Neoliberal Men in the US Hangout Sitcom  book cover
1st Edition

Neoliberal Men in the US Hangout Sitcom

  • Available for pre-order on June 16, 2023. Item will ship after July 7, 2023
ISBN 9781032426211
July 7, 2023 Forthcoming by Routledge
216 Pages 26 B/W Illustrations

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USD $170.00

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Book Description

Masculinities in the US Hangout Sitcom examines how four sitcoms – Friends, How I Met Your Mother, The Big Bang Theory, and New Girl – mediate the tense relationship between neoliberalism and masculinities.

Why is Ross in Friends so worried about everything? This book argues that the men in Friends and similar shows that follow young, straight, white twentysomethings in major US cities, are beset by a range of social and economic concerns about their place in society. Using multiple methods of analysis to examine these shows – including conjunctural analysis, historiographical method, and critical discourse analysis – a range of topics in these shows are examines, from sexuality through to homosociality, from race through to nationality.

This book makes an insightful contribution to work on the television sitcom and on neoliberalism in culture and society. It will be an ideal resource for upper-level undergraduates, post-graduates, and researchers in a range of disciplines including television and screen studies, critical studies on men and masculinities and humor studies.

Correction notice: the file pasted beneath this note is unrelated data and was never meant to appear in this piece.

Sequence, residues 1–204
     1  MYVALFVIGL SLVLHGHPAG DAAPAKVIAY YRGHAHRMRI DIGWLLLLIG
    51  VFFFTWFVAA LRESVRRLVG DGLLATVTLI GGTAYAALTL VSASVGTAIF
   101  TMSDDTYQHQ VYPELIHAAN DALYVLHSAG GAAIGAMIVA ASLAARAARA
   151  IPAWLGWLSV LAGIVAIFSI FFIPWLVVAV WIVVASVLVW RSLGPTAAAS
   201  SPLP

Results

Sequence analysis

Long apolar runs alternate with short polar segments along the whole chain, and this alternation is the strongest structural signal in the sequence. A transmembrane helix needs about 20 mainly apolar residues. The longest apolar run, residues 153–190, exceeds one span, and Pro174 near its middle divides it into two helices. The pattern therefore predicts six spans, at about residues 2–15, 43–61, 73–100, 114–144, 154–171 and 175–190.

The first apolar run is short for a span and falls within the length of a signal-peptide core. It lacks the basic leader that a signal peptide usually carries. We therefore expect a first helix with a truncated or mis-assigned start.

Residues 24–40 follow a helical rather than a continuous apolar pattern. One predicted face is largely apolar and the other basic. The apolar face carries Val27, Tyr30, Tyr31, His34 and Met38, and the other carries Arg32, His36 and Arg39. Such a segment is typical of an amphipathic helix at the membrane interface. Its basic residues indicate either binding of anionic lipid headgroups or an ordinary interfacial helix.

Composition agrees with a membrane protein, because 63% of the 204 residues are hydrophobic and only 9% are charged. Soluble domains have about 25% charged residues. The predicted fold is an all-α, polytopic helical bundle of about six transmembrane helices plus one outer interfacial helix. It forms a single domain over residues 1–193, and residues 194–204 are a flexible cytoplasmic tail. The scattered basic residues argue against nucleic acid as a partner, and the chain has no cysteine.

Table of Contents

    1. The hangout sitcom: Could it be more culturally relevant?
    2. A brief historiography of US sitcom masculinities
    3. A typology of straight white men in the hangout sitcom
    4. Bromantic comedy: Male homosociality, heterosexuality, and relationships
    5. Breaking the circle: Challenging whiteness in the hangout sitcom’s surrogate families
    6. First as farce, then as tragedy: Failing and flailing neoliberal men in the UK’s hangout(-style) sitcoms
    7. Masculinities after the hangout sitcom

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Greg Wolfman is an independent researcher who received his PhD from the University of Huddersfield in 2020. He is primarily interested in the confluence of and tension between neoliberalism and masculinity, and particularly how this is reflected in cultural forms. His work has been published in NORMA: International Journal for Masculinity Studies, and the Journal of Bodies, Sexualities, and Masculinities.